Mitch Steele of Stone recently wrote a very insightful blog post about the future of craft beer in the U.S. Intensifying competition and scarcity of human resources and ingredients will lead to tougher times for our nation’s teeming population of craft breweries. Will this bubble burst?
Steele touches on some really good points. The big three threats to craft beer in my mind have always been limited taps, the three-tier system, and scarcity of resources. Let’s examine these.
Limited taps: a bar only has so many taps, obviously. Even though many bars exist that have over 50 taps, this means that they go through beers more slowly. In the past, local beer always had an edge at a lot of craft-focused bars, and it was relatively easy to get on tap in your home turf. However, most bars are not going to only sell local beer (although some do) so the limited amount of “local taps” have to be split among an increasing number of local breweries. Furthermore, since most breweries tend to brew a light beer and an IPA as flagships, (ourselves included) this limits what may go on.
Profit margins on draught distribution are pretty low, so if you are constantly having to beat on doors to get on tap, you’re not really making very much money. With such a plethora of choices for beer buyers, some brands may never get beyond a one-and-done or rotator status.
Three-tier system: For those unfamiliar with this, this is the system put in place after prohibition ended which separates breweries, distributors, and bars. Virginia doesn’t allow for self-distribution, so breweries must sell their beer to a distributor, who then sells it to a bar. There are ways around this, but it is difficult. In and of itself, this isn’t so bad, but it has the potential to be very bad for smaller craft breweries. Big breweries are already purchasing distributors in addition to craft breweries. When a company owns some craft brands and a distributor, they can offer both lower prices and a selection of proven quality brands. If you’re a bar owner, you could find it enticing and easier to deal with one distributor who can offer you this. This is bad for the consumer as well. Do we really want to live in a world where every bar has the same beers on tap?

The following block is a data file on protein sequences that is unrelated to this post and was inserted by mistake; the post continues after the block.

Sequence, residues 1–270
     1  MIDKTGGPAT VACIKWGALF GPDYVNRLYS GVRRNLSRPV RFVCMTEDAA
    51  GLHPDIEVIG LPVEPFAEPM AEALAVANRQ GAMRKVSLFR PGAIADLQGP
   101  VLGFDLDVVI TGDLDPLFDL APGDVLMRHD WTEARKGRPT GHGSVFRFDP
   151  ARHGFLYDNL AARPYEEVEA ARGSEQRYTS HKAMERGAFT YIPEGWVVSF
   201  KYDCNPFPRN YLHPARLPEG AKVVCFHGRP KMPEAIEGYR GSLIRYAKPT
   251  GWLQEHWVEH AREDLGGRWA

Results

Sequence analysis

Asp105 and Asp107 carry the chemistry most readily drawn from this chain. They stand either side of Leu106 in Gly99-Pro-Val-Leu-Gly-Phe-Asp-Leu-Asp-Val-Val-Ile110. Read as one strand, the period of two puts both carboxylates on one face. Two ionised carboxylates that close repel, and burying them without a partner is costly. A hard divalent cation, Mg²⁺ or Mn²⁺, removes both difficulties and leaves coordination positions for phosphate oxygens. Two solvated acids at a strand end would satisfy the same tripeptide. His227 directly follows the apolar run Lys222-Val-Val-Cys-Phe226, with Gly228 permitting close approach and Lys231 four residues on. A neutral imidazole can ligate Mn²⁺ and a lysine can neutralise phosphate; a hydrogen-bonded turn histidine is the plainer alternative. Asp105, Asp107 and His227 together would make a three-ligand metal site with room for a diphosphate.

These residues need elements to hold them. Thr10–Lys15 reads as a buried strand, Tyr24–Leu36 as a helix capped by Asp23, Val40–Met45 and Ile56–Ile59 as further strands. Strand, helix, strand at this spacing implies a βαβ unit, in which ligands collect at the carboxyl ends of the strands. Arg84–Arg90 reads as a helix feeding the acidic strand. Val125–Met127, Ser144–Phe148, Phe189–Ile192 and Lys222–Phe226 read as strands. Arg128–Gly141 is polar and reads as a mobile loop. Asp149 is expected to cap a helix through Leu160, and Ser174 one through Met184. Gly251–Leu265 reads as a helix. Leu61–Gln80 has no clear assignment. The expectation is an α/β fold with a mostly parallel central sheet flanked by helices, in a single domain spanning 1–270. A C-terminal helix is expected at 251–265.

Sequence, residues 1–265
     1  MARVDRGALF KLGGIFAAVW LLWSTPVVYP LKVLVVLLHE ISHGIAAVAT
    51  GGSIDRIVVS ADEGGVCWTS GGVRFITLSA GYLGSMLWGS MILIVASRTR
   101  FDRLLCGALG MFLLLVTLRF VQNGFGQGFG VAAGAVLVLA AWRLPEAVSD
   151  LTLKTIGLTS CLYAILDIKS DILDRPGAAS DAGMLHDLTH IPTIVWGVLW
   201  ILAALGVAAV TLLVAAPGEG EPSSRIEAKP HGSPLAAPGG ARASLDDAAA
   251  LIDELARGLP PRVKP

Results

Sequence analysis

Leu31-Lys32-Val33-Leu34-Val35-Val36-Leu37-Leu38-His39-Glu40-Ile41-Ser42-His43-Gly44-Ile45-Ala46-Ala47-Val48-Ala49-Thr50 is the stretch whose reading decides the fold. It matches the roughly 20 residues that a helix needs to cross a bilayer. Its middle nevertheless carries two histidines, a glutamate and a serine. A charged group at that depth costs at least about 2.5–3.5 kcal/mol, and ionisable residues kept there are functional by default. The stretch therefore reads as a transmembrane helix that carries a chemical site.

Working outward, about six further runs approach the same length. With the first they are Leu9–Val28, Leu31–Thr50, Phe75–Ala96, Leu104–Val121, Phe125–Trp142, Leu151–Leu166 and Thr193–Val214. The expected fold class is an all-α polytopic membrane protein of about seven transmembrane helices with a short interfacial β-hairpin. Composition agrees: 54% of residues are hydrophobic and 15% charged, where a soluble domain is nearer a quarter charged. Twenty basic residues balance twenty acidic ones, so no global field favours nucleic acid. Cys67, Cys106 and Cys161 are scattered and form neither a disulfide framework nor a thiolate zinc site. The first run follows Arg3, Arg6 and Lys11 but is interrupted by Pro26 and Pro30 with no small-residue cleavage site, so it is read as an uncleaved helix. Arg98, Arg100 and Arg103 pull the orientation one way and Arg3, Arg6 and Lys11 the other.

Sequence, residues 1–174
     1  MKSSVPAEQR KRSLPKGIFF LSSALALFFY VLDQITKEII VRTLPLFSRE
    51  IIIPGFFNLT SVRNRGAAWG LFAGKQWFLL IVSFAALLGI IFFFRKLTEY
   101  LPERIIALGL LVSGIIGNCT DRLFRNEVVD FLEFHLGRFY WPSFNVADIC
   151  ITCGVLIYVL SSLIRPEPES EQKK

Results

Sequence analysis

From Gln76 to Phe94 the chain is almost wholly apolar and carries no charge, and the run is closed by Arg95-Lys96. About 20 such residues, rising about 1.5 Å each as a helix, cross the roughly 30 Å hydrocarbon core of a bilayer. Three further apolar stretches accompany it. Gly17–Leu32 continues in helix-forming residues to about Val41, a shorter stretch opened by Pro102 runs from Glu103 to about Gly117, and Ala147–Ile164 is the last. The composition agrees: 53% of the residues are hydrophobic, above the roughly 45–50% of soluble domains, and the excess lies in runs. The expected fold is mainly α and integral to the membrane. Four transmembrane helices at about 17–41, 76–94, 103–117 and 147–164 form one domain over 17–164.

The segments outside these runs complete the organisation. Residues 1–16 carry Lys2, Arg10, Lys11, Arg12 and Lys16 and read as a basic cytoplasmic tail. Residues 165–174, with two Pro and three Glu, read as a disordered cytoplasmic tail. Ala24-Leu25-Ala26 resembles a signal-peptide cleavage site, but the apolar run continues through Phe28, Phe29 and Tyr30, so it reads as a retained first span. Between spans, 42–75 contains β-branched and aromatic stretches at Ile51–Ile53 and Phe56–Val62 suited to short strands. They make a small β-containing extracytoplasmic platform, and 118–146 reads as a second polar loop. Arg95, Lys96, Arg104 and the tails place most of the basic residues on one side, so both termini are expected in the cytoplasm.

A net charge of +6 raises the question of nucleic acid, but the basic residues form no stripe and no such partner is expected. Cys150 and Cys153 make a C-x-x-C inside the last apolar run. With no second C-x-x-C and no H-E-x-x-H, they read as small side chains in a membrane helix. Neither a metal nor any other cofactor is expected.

Scarcity of resources: Steele talks about hop shortages and a lack of qualified brewery staff. These are both big problems. I can only hope that hops production scales up; as of right now, Nelson Sauvin hops are contracted out until the year 2020. And let’s not even talk about water shortages in the west coast. Hops use a serious amount of water.
I’ll go even further and talk about something that has been on my mind for the past year: climate change. The price of beer is highly dependent on the price of hops, barley, and water–historically, very inexpensive. What happens if this changes? What happens if the state of drought in California is permanent? What happens if extreme weather makes growing these crops more difficult? At the end of the day, beer is a luxury item. If the future climate dictates that sacrifices be made, I don’t think beer would and should be something that takes precedence over food crops.
So now that we’ve talked about the negatives, let’s talk about some brighter points. First, bars may only have so many taps to spare for a brewery, but thanks to law changes like Virginia Senate Bill 604 and equivalent bills in other states, breweries always have tap-room sales to help out. Smaller breweries such as yours truly don’t have to worry about selling a mountain of beer to survive. Bars may become more of a venue to experience what the nation as a whole has to offer, while for local beer, folks will just go straight to the source.
Second, even if Bud-Miller-Coors, foreign companies, and large U.S. brands with craft r00ts race to acquire distributors and craft breweries, will every bar turn into the equivalent of an airport or baseball park, with Goose Island, Sam Adams, and Lagunitas on tap and nothing else? Unlikely. Craft beer drinkers crave variety and authenticity. Some bars may find cheaper beer prices enticing, but beer drinkers will still flock to places that offer something different.
Lastly, the east coast is producing more and more agricultural commodities. If problems continue on the west coast, you may see our region rise as a source for beer ingredients. Already, hop production is taking off in Virginia and New York–five years ago, it pretty much didn’t exist.
Who knows what the future will hold? On that note, I think I’ll have a beer.